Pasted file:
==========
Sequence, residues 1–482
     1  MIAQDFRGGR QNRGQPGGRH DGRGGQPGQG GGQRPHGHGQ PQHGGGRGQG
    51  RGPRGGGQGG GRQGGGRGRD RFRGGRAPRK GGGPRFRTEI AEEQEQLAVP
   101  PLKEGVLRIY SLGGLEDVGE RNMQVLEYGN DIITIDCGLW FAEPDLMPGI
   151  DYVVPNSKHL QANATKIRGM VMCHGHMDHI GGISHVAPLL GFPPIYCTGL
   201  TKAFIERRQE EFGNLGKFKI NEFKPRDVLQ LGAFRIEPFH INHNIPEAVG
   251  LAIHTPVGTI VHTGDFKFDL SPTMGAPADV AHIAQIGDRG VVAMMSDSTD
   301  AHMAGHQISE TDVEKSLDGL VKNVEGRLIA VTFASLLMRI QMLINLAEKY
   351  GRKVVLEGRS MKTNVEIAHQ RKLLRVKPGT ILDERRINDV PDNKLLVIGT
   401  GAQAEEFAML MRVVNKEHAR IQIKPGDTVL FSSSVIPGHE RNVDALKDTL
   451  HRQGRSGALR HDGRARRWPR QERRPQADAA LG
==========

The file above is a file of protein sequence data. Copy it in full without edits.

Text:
Sequence, residues 1–482
     1  MIAQDFRGGR QNRGQPGGRH DGRGGQPGQG GGQRPHGHGQ PQHGGGRGQG
    51  RGPRGGGQGG GRQGGGRGRD RFRGGRAPRK GGGPRFRTEI AEEQEQLAVP
   101  PLKEGVLRIY SLGGLEDVGE RNMQVLEYGN DIITIDCGLW FAEPDLMPGI
   151  DYVVPNSKHL QANATKIRGM VMCHGHMDHI GGISHVAPLL GFPPIYCTGL
   201  TKAFIERRQE EFGNLGKFKI NEFKPRDVLQ LGAFRIEPFH INHNIPEAVG
   251  LAIHTPVGTI VHTGDFKFDL SPTMGAPADV AHIAQIGDRG VVAMMSDSTD
   301  AHMAGHQISE TDVEKSLDGL VKNVEGRLIA VTFASLLMRI QMLINLAEKY
   351  GRKVVLEGRS MKTNVEIAHQ RKLLRVKPGT ILDERRINDV PDNKLLVIGT
   401  GAQAEEFAML MRVVNKEHAR IQIKPGDTVL FSSSVIPGHE RNVDALKDTL
   451  HRQGRSGALR HDGRARRWPR QERRPQADAA LG